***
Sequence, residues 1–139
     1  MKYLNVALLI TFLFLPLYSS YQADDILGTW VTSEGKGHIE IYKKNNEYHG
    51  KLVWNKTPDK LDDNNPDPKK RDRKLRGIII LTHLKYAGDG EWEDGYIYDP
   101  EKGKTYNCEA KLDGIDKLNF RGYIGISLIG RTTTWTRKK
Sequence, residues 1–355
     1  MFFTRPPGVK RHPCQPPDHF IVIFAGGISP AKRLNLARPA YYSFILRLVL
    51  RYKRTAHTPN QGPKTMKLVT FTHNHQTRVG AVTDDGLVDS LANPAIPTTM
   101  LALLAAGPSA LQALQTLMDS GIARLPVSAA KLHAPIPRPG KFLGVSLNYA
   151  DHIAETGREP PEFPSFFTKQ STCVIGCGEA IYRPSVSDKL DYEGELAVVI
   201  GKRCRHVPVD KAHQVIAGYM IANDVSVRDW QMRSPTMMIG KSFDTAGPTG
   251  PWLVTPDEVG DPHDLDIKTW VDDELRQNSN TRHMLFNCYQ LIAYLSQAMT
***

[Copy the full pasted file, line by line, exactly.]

Sequence, residues 1–139
     1  MKYLNVALLI TFLFLPLYSS YQADDILGTW VTSEGKGHIE IYKKNNEYHG
    51  KLVWNKTPDK LDDNNPDPKK RDRKLRGIII LTHLKYAGDG EWEDGYIYDP
   101  EKGKTYNCEA KLDGIDKLNF RGYIGISLIG RTTTWTRKK
Sequence, residues 1–355
     1  MFFTRPPGVK RHPCQPPDHF IVIFAGGISP AKRLNLARPA YYSFILRLVL
    51  RYKRTAHTPN QGPKTMKLVT FTHNHQTRVG AVTDDGLVDS LANPAIPTTM
   101  LALLAAGPSA LQALQTLMDS GIARLPVSAA KLHAPIPRPG KFLGVSLNYA
   151  DHIAETGREP PEFPSFFTKQ STCVIGCGEA IYRPSVSDKL DYEGELAVVI
   201  GKRCRHVPVD KAHQVIAGYM IANDVSVRDW QMRSPTMMIG KSFDTAGPTG
   251  PWLVTPDEVG DPHDLDIKTW VDDELRQNSN TRHMLFNCYQ LIAYLSQAMT